“I told each one of them that, and there was a silence on the phone when I said that,” Andrews said.
“I reached out (first) to George Porter and I said ‘Man, I want to do ‘Be My Lady’ from y’all’s record, ‘New Directions,’ but I want to get the original cast.’ Like I tell you, no joke, no lie, I told each one of them that, and there was a silence on the phone when I said that,” Andrews said.
But he could tell that, if reluctant, they were also intrigued by the idea. One by one, they signed on.
“Be My Lady” is one of many high points on “Say That to Say This.” Its silky funk sound provides a relaxed change of pace on an album that finds Andrews continuing to develop his distinctive hybrid of New Orleans funk, jazz, soul and gritty rock ’n’ roll. This collision of styles is especially effective on songs like “You and I (Outta This Place),” “Fire and Brimstone” and the title track, where guitar riffs, punchy, sharp syncopated rhythms and jazzy horn lines make for a modern, enervating and original type of New Orleans music.
The rocking character of the music is what sets Andrews apart from other New Orleans artists. He credits a touring stint shortly after graduating from high school with Lenny Kravitz with helping him figure out how to bring rock music and his New Orleans roots together in his sound.
“That situation changed my whole mentality, changed my life,” Andrews said. “Once I did that, I was able to come back to New Orleans and add what I learned from him to my New Orleans (sound). Now you had the sound that you hear now.”
Trombone Shorty and New Orleans Avenue are busy bringing their energetic music to the people on a summer tour and introducing audiences to songs from “Say That to Say This.”
“We’ve been doing some music from our previous records and then we’ve been trying to slide in four or five songs from the new record here and there,” Andrews said.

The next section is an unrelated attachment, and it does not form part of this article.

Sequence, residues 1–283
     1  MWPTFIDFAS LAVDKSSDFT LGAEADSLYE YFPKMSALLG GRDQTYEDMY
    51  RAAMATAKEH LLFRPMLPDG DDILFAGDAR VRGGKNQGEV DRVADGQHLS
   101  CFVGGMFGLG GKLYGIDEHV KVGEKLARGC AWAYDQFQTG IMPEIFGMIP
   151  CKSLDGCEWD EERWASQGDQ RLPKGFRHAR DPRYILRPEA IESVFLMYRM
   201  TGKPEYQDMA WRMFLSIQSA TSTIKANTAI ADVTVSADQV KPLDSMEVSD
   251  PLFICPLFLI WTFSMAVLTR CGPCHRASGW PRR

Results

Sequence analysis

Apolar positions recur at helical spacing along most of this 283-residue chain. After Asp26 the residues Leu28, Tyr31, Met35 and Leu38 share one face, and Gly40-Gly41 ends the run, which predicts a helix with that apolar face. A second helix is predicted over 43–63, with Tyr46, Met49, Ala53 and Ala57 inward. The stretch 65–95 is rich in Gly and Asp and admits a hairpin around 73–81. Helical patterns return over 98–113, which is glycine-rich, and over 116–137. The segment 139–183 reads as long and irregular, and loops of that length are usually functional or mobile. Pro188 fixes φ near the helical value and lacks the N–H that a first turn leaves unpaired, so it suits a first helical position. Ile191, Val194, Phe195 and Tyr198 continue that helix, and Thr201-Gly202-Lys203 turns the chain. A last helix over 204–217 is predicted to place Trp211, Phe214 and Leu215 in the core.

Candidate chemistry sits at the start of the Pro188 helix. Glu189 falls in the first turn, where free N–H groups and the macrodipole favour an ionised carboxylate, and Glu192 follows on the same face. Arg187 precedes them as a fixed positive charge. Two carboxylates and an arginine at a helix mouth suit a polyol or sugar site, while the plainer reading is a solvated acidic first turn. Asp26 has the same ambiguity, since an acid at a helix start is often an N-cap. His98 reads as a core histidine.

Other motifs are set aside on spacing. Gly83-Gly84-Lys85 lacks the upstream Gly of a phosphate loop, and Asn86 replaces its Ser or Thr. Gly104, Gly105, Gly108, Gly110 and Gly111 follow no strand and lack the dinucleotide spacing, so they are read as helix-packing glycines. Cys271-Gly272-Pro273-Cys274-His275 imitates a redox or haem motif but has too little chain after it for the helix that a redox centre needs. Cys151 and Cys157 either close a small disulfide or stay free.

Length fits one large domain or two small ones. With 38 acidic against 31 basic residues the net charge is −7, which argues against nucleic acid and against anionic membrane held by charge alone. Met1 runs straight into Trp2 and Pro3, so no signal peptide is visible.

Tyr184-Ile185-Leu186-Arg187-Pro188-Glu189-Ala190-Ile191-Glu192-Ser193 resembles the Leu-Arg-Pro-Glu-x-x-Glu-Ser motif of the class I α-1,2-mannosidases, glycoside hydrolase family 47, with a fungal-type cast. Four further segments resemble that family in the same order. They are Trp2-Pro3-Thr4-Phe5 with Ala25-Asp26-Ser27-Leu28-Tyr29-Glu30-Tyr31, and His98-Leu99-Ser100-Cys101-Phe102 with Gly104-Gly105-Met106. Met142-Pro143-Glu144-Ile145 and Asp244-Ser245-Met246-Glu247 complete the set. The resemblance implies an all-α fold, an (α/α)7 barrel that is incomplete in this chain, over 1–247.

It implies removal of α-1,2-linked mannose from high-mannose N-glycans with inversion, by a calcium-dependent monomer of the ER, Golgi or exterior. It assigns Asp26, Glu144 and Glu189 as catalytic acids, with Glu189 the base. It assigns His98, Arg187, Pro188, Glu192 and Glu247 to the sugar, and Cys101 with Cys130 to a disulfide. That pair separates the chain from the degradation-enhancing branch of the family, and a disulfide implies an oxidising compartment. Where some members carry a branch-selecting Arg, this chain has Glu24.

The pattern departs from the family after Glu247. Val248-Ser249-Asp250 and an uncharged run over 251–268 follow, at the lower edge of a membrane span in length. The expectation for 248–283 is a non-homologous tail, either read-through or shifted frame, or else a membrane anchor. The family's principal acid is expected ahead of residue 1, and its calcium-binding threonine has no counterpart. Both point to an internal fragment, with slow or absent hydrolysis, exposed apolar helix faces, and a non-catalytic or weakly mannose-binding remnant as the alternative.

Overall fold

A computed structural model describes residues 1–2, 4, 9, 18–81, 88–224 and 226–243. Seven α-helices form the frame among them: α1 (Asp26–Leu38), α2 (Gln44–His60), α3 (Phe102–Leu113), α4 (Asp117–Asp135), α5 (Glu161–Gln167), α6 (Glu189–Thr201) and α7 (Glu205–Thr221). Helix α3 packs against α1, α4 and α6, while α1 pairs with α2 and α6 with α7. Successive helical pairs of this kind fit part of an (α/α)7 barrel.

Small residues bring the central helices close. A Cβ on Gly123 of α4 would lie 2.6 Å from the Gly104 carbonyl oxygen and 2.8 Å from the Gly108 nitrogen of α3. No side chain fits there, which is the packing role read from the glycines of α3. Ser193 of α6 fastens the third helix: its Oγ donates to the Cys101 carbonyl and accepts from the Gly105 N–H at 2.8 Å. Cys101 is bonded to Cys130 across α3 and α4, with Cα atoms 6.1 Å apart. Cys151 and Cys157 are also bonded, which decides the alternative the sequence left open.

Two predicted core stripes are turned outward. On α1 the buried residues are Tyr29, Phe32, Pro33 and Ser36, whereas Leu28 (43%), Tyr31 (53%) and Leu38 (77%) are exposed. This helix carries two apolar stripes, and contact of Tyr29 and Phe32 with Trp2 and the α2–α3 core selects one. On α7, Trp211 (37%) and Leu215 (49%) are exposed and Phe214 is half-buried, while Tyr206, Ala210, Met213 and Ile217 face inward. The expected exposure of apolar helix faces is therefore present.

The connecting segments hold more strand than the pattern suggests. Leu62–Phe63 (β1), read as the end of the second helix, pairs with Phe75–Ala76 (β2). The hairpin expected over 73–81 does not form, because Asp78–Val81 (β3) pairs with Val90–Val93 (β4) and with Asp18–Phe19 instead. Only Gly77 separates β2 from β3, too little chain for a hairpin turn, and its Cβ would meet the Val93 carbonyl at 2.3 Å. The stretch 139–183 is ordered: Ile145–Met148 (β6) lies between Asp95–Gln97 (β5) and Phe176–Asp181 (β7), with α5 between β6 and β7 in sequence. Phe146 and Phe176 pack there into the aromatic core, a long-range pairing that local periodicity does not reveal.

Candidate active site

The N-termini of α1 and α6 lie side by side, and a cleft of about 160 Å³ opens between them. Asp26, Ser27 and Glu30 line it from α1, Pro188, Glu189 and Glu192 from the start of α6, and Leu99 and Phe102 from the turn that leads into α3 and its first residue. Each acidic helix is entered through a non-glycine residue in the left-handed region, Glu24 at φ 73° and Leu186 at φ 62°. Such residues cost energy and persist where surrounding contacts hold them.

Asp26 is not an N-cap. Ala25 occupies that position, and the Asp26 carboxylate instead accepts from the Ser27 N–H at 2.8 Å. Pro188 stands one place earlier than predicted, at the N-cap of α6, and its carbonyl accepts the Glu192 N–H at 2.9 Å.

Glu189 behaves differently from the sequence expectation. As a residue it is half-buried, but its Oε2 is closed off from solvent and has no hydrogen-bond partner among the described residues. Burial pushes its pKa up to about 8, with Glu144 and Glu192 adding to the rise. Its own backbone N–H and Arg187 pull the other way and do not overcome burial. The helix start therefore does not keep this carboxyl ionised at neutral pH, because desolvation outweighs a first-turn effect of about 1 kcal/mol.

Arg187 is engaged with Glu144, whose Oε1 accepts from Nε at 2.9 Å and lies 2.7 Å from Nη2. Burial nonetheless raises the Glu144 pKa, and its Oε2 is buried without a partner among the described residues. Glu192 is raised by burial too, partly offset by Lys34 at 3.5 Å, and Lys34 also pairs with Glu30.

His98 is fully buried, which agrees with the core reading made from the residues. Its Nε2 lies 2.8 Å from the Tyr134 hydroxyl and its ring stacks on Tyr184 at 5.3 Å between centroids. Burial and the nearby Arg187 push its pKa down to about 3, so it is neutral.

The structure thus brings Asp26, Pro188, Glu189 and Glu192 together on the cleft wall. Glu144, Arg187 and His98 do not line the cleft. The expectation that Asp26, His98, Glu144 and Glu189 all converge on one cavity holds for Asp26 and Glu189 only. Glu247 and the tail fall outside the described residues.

“We’re just trying to figure out what’s a good way to slide them in. We’ve been doing it mostly toward the end of the set, after we get everything out of the way. Then we hit them full swing slipping in the new material there. So it’s been really cool.”
Last Updated on Thursday, 07 August 2014 11:44
As Train hits the concert trail this summer and prepares to release its latest album, “Bulletproof Picasso,” in September, the group is down to two original members.
Drummer Scott Underwood quit Train in June, leaving singer Pat Monahan and guitarist Jimmy Stafford as the remaining members in a revamped lineup that now also includes guitarist Jerry Becker, bassist Hector Maldonado (they both became touring members in 2009) and new drummer Drew Shoals.
But don’t get the idea that, even though Monahan and Stafford are officially the only full-fledged band members, that Train has become a group in name only, according to Stafford.
“We don’t want to appear like Tears for Fears (which essentially was Roland Orzabal and Curt Smith). We’re not Tears For Fears,” Stafford said in a mid-July phone interview. “We want to feel and look like a band, so we include those guys in everything. They’re in the new band photos. We treat them like equals. We ask their opinions. We ride on the same buses with them. It’s not like Pat and I are flying around in private jets and those guys are in a van.”